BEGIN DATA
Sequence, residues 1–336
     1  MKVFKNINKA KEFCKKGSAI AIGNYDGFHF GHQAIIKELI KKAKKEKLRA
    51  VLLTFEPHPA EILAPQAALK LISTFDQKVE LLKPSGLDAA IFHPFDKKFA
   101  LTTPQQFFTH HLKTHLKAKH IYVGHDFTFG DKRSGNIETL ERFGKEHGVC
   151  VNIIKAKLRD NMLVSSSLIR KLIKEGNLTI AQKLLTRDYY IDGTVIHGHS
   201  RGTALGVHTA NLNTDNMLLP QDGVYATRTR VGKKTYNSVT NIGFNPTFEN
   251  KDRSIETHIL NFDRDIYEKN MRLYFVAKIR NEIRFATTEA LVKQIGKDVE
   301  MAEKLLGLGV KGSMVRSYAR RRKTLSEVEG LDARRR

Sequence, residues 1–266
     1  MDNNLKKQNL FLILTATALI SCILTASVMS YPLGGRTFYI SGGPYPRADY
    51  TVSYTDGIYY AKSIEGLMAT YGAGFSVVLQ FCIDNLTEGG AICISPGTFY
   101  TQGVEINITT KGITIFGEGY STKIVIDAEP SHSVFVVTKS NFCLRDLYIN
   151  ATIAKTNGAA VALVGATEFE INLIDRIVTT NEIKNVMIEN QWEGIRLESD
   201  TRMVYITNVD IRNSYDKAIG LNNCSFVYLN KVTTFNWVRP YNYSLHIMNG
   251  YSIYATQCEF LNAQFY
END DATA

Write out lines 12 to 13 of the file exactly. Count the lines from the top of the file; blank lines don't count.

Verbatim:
   101  TQGVEINITT KGITIFGEGY STKIVIDAEP SHSVFVVTKS NFCLRDLYIN
   151  ATIAKTNGAA VALVGATEFE INLIDRIVTT NEIKNVMIEN QWEGIRLESD